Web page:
How to Open a Laptop to Get Inside
By James Clark
Updated September 28, 2017
Items you will need
Cup or container for holding small parts
Opening a laptop computer should always be for a specific reason, such as to upgrade the hard drive, increase the RAM (random access memory) or perhaps troubleshoot a screen problem. By working slowly and systematically and by following these steps, you can open a laptop case to get inside.
Turn off the laptop and close the lid until it latches.
Turn the laptop upside down on a flat surface.
Remove the battery, typically by moving a latch to the left then lifting the battery out of the bottom of the laptop or by sliding it out of the outer edge of the laptop.
Remove the Phillips-head screws at the four corners and at other sealed points on the bottom of the laptop. Most laptop computers are secured with at least 12 screws. For example, Dell laptops are secured with 24 screws on the back cabinet, including two screws that secure the cover for the hard drive.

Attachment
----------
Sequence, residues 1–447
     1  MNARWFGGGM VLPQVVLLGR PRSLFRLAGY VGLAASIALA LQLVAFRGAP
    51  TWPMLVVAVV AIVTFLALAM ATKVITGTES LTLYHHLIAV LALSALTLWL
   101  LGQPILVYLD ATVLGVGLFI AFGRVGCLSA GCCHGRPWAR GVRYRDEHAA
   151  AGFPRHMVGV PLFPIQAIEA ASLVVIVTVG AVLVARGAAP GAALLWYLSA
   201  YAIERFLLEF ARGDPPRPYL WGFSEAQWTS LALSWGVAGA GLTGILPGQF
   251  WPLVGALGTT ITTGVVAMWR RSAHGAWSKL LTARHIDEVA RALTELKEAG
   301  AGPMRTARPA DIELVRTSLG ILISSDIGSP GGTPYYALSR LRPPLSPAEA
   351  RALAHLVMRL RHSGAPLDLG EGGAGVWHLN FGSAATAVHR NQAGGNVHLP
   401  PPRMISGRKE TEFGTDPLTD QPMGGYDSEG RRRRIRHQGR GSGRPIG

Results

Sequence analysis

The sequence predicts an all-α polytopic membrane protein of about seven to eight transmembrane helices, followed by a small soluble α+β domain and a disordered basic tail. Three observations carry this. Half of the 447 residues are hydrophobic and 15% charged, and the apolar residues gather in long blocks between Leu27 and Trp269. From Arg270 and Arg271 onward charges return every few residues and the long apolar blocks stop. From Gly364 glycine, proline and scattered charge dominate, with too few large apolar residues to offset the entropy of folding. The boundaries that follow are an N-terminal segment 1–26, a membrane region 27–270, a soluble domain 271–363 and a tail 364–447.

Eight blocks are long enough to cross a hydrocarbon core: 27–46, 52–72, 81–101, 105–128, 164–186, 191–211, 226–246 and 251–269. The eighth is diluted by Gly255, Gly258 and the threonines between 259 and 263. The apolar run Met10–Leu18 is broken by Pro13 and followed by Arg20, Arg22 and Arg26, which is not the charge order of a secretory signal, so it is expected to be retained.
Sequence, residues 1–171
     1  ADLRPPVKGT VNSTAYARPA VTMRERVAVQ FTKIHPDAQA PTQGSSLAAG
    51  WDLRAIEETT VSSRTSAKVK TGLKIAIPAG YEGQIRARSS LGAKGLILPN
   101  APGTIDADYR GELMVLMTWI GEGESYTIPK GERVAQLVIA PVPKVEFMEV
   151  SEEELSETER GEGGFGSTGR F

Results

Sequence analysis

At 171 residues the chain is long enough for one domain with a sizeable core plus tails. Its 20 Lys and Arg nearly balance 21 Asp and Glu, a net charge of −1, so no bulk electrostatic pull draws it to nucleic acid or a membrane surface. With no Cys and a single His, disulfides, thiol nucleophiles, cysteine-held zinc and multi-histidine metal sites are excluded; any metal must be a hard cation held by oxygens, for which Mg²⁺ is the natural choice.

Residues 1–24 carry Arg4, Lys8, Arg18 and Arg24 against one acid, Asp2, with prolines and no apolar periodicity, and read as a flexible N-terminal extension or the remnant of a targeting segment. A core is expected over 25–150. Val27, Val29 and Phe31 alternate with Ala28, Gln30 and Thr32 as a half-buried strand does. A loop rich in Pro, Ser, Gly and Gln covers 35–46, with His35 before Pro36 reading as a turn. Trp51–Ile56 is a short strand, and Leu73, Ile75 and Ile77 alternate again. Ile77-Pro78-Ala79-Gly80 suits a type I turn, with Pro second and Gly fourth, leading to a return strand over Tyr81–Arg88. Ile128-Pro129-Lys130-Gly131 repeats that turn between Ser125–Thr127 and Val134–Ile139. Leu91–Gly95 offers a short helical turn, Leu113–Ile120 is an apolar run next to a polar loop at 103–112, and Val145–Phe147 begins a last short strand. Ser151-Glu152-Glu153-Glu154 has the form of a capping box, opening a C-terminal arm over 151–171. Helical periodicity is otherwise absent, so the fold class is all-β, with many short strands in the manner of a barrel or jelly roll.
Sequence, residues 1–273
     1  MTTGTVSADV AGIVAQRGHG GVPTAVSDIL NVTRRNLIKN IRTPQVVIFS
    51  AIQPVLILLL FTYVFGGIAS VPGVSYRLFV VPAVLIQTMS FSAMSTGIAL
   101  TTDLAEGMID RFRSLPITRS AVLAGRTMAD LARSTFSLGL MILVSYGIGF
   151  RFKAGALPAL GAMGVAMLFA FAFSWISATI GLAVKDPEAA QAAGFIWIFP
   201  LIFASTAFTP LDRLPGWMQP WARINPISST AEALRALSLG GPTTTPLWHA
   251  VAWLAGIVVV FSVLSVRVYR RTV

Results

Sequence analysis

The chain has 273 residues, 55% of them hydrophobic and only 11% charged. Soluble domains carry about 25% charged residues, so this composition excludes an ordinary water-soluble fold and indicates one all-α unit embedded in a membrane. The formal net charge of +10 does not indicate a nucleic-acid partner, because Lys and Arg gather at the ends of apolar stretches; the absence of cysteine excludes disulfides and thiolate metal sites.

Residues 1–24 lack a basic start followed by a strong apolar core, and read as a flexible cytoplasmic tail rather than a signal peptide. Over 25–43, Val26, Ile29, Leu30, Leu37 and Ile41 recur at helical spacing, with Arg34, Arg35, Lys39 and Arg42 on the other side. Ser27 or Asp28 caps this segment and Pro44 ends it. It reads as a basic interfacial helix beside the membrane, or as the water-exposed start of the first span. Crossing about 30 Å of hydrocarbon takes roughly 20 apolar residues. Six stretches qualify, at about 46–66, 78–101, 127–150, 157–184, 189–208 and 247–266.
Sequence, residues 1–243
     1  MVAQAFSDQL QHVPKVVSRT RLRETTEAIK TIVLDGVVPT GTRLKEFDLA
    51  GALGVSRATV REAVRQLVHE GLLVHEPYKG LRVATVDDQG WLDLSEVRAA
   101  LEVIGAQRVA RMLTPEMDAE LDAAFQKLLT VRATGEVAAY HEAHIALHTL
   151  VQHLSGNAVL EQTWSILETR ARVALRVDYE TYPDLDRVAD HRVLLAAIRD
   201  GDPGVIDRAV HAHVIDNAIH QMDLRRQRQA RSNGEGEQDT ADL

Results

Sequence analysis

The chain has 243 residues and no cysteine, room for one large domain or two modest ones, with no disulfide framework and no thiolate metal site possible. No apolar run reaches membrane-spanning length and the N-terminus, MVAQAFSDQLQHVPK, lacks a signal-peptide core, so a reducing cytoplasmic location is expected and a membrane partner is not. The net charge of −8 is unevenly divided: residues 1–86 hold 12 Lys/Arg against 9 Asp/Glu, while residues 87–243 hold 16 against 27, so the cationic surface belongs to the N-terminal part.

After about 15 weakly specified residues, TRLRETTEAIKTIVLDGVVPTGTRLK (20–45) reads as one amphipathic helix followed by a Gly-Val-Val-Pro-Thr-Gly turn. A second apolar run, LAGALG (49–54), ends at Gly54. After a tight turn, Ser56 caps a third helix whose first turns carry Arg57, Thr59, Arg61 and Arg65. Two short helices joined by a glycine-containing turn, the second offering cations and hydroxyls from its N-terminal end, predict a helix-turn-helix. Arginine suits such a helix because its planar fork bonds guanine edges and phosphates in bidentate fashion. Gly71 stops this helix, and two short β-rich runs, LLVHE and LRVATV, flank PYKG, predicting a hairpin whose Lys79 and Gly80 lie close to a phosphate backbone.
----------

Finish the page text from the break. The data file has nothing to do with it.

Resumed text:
Place the screws in a cup or container for safekeeping, as they can roll off the table and become lost. It is very risky to operate a laptop with missing screws because internal parts are held in place partly by pressure from a secure cover.
Remove the covers for individual components, such as the hard drive and the memory, from the bottom of the laptop. Keep all internal components with the covers that secure them. The hard drive, for example, can be removed and set on its protective cover for easy replacement.
Lift the bottom cover straight off the laptop, taking care not to jostle any internal parts as you remove the cover. If you encounter any resistance, stop and identify the stuck part. Do not attempt to force the cover off the laptop.
On some laptops you may be unable to remove the cover even after removing all visible screws. Try removing the four rubber feet from the bottom cover to reveal screws underneath.
Do not open a laptop case if the computer is still under warranty. Batteries and hard drives can be removed and replaced without opening the entire computer. Disassembling your laptop could void valuable warranty coverage.
James Clark began his career in 1985. He has written about electronics, appliance repair and outdoor topics for a variety of publications and websites. He has more than four years of experience in appliance and electrical repairs. Clark holds a bachelor's degree in political science.